Unfortunately, I think we've reached the point where this will be even worse than the whole thing not tumbling down. Unless you're talking about the eventual steady state the global economy might reach once the dust settled and all the (non-metaphorical) dead bodies were cleared away. I can't imagine that would be any worse than what will happen if we don't discover Energy-for-Free in the next hundred years or so.
posted by haltingproblemsolved at 6:22 PM on October 6, 2009


Unfortunately, I think we've reached the point where this will be even worse than the whole thing not tumbling down.

Continuing to make choices that favor stability and relative short-term painlessness at the expense of long-term viability will only work for so long.
posted by killdevil at 6:38 PM on October 6, 2009


Metafilter - September 16, 2008. The Fed "hopes" A.I.G. 263 comments.
posted by philip-random at 6:41 PM on October 6, 2009 [1 favorite]


I don't know much, but I do know that persistent embedded popups that require me to wait before closing them mean I don't read the article. That and the in the face T&A marketing. Vanity Fair, meh.

These banker assholes are fine. Nothing touches them. They're the modern mob.
posted by fourcheesemac at 6:51 PM on October 6, 2009


obligatory
posted by HyperBlue at 7:26 PM on October 6, 2009


A while ago I complained to a friend that fat cats making losing bets shouldn't be affecting the entire world's productivity. His reply has stuck with me: "It shows we still live in a Feudal system. The (small, but important) difference now is that we can shop for our patron."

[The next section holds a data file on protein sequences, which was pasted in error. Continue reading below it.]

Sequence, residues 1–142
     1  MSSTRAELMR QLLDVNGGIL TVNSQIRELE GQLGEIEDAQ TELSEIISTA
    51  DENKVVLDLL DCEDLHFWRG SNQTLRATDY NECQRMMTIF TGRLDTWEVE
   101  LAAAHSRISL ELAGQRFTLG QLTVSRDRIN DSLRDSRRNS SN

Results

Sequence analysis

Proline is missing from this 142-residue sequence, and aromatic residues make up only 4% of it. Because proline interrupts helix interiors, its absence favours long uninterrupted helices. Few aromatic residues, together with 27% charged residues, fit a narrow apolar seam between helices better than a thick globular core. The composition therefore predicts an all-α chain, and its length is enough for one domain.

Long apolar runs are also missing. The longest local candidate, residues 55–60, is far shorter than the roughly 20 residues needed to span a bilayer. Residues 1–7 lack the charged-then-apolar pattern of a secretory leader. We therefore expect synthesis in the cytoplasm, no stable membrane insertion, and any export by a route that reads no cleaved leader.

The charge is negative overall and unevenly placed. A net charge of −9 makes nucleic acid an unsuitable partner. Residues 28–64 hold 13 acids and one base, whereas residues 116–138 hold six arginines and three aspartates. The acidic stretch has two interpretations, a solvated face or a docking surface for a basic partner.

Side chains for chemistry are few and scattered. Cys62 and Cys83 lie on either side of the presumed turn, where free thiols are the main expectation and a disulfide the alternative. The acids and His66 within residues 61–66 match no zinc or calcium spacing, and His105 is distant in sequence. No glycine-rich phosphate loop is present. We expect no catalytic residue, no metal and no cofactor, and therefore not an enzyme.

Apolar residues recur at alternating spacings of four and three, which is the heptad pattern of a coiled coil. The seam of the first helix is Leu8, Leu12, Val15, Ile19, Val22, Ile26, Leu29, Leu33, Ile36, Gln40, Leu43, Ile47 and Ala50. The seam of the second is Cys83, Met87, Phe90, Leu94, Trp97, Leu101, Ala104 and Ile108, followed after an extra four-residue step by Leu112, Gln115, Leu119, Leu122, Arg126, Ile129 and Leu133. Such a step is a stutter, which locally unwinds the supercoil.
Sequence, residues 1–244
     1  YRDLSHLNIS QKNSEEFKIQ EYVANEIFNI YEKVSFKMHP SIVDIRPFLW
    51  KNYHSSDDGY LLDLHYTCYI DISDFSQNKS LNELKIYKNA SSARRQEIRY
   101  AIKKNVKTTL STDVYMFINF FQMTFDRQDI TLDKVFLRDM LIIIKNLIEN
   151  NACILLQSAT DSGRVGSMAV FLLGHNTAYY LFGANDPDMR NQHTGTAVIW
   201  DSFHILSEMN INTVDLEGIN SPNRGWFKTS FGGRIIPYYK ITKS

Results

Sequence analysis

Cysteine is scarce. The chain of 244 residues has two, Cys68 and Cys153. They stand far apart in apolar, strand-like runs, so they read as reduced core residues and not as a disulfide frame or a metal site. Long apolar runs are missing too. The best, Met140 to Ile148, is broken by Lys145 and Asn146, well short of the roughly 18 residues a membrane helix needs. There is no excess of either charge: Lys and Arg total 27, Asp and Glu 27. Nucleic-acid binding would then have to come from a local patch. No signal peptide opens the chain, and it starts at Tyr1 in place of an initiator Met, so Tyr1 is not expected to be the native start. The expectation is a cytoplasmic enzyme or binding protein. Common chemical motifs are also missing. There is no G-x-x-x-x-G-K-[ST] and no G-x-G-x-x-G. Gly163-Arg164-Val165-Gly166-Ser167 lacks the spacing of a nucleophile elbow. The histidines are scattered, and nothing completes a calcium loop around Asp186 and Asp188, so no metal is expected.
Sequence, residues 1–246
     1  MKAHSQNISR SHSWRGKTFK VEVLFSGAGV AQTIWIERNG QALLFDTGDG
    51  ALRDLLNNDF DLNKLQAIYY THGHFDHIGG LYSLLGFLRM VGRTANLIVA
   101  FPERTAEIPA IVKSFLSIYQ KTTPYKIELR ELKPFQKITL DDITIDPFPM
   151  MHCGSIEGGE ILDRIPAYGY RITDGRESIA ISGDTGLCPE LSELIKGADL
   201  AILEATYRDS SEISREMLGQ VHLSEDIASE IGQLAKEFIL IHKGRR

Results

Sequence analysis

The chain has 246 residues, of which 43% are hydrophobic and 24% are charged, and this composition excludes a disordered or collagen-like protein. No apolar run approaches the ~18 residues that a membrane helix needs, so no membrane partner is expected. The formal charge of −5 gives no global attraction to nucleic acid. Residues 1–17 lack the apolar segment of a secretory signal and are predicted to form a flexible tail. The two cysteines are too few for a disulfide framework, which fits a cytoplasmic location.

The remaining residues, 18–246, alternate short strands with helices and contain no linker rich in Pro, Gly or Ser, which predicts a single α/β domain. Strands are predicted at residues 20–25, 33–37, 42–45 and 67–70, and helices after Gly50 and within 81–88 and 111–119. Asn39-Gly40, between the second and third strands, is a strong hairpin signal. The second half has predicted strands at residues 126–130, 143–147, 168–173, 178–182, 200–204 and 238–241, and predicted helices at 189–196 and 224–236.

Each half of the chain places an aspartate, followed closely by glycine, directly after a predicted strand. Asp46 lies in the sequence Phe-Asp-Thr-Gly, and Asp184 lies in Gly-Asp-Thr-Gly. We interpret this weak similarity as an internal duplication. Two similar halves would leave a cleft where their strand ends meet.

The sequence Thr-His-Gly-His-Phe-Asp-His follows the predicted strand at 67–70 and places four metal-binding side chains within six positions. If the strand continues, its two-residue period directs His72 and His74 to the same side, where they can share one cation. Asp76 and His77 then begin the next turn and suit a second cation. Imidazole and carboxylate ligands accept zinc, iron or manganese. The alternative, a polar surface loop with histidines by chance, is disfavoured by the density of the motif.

I hate that the whims of the rich affect the opportunities of everyone, but I suppose it's always been that way.
posted by Popular Ethics at 7:45 PM on October 6, 2009 [4 favorites]


Strange how they begin by discussing his desire to help "regular" office workers. His defense of the whole thing was a jobs program? Yikes. He only thought of them that morning? Perhaps Obama is the first corporate-socialist president and it's fitting he picked Geinther for his Treasury Secretary.
posted by skepticallypleased at 8:40 PM on October 6, 2009


Also -- off topic -- but strange that Obama comes up as a spelling error when I type here -- is that a metafilter or browser thing?
posted by skepticallypleased at 8:41 PM on October 6, 2009


I wish China would just hurry up and buy us.
posted by bardic at 9:20 PM on October 6, 2009


Problem is there are a lot of mindbogglingly powerful concerns already sucking and pawing at it, and they would never let a thing like that happen. There isn't a government in the world - or a President, I'm sorry to say - with the balls to stand up to such monolithic corporate entities.

Look upon my works, ye Mighty, and Despair!
posted by jason's_planet at 9:33 PM on October 6, 2009


"Pity about the 'experience.'"

Yeah, they had it going on until Jimi OD'ed.

Paulson looks like the guy from Hitman, but Geithner looks like that Orc that chased Pippin and Merry into the forest in the Two Towers.

"Continuing to make choices that favor stability and relative short-term painlessness at the expense of long-term viability will only work for so long."

True. Irresponsibility always breeds theft and chaos. Kinda funny and nearly thrilling in how dangerous it is. Like a monkey behind the wheel of a speeding cement truck.
I really don't get how folks don't learn.
I mean, you see needle tracks on someone's arms you know right away to pretty much not trust them in your house with your stuff.
Guy in a banker's suit - no, let him right in.
And the addiction to overabundance and ease in having your will executed, the chemicals in your brain must just pump loads of opiates into your system, and unlike external narcotics it gets only stronger with age.